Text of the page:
Is Diesel Made from Air and Water be a Green?

by Jesse Crabtree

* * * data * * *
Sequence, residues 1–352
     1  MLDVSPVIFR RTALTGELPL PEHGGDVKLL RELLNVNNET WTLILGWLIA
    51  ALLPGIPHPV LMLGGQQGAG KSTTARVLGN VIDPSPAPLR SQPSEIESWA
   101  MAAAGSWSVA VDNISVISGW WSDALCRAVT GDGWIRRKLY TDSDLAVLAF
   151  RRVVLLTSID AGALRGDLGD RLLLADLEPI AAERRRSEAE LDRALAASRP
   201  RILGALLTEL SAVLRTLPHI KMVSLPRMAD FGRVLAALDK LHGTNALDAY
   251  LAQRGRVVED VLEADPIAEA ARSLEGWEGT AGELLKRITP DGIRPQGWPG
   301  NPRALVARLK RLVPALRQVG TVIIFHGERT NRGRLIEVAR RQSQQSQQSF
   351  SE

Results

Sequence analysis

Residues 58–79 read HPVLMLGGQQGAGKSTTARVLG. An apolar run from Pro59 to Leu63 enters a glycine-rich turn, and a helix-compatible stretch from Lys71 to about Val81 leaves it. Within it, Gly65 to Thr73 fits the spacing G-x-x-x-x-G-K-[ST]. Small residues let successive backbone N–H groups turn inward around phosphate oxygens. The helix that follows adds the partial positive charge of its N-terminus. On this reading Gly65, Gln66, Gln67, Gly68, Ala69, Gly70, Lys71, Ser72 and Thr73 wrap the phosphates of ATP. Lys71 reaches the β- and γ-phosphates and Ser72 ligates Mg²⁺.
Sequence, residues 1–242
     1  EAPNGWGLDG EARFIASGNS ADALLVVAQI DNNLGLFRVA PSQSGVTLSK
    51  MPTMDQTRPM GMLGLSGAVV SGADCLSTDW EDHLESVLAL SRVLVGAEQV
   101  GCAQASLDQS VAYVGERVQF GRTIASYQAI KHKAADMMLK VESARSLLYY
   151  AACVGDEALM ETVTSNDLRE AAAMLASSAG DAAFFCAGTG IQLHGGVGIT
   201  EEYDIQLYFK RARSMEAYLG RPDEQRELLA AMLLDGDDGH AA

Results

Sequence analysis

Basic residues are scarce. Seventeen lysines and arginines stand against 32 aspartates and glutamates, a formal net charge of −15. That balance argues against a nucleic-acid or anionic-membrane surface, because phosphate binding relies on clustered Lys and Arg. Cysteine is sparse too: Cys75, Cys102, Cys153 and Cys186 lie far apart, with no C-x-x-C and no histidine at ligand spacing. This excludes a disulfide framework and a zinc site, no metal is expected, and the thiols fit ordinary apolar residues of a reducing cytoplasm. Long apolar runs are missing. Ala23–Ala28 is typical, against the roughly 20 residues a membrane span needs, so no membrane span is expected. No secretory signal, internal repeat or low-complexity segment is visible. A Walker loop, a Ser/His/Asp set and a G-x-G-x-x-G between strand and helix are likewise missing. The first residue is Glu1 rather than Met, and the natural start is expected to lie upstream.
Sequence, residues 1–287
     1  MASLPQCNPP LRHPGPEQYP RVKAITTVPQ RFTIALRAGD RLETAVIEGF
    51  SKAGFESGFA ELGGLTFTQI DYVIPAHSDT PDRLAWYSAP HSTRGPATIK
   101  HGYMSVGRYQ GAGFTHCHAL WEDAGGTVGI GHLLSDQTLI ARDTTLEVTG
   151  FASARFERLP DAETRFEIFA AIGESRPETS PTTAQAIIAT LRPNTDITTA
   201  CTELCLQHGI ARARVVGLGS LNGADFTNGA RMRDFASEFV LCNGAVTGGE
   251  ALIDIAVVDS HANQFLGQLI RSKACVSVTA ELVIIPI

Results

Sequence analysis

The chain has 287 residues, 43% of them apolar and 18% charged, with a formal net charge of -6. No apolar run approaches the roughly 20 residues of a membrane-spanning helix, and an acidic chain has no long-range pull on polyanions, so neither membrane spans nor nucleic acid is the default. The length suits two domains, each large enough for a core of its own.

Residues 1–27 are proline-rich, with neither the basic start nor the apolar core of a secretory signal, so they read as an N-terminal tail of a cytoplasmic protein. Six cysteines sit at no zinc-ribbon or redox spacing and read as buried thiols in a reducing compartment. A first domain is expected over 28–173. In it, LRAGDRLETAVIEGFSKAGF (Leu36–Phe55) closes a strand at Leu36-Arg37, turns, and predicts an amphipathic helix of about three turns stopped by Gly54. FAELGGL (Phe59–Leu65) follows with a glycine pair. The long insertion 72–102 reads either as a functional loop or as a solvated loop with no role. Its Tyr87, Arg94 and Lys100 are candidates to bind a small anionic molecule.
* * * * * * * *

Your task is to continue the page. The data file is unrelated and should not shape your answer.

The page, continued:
Audi is teaming up with German energy company Sunfire to make fuel for internal-combustion engines and it is literally pulling the fuel out of thin air. This diesel-like substance, called “Blue Crude,” is a string of hydrocarbons formed by combining atmospheric CO2 with hydrogen atoms obtained by water electrolysis. According to Audi, the process produces fuel at an overall efficiency of 70% and is meant to be powered by renewable energy. Furthermore, one of its main draws is that, with the exception of the electrolysis, all of the infrastructure for production and consumption of this product has already been tried and tested. Although it only releases the CO2 initially reclaimed from the atmosphere, the fact that Blue Crude does not totally sequester any emissions gives it a shaky hold on the term ‘green.’ Thus, Blue Crude’s ‘green’ status depends on renewable energies being used to power its electrolysis step. Either way, Blue Crude relies on several important factors—namely low energy prices and new legislation—in order to even be feasible.

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